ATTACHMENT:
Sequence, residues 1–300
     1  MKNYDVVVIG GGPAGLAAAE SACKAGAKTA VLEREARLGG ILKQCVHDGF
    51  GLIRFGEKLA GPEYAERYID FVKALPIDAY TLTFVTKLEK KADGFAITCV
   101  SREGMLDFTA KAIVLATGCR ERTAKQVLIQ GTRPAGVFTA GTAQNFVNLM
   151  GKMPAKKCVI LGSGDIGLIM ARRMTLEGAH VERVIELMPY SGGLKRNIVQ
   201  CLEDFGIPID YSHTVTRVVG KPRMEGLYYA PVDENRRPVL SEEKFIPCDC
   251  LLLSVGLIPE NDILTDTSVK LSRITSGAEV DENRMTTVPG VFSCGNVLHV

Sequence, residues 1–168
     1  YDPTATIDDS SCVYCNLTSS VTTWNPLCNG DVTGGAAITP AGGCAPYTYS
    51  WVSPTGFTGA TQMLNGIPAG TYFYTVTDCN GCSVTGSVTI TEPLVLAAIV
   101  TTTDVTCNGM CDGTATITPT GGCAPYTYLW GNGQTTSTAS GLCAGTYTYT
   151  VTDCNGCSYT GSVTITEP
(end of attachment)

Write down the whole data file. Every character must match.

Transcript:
Sequence, residues 1–300
     1  MKNYDVVVIG GGPAGLAAAE SACKAGAKTA VLEREARLGG ILKQCVHDGF
    51  GLIRFGEKLA GPEYAERYID FVKALPIDAY TLTFVTKLEK KADGFAITCV
   101  SREGMLDFTA KAIVLATGCR ERTAKQVLIQ GTRPAGVFTA GTAQNFVNLM
   151  GKMPAKKCVI LGSGDIGLIM ARRMTLEGAH VERVIELMPY SGGLKRNIVQ
   201  CLEDFGIPID YSHTVTRVVG KPRMEGLYYA PVDENRRPVL SEEKFIPCDC
   251  LLLSVGLIPE NDILTDTSVK LSRITSGAEV DENRMTTVPG VFSCGNVLHV

Sequence, residues 1–168
     1  YDPTATIDDS SCVYCNLTSS VTTWNPLCNG DVTGGAAITP AGGCAPYTYS
    51  WVSPTGFTGA TQMLNGIPAG TYFYTVTDCN GCSVTGSVTI TEPLVLAAIV
   101  TTTDVTCNGM CDGTATITPT GGCAPYTYLW GNGQTTSTAS GLCAGTYTYT
   151  VTDCNGCSYT GSVTITEP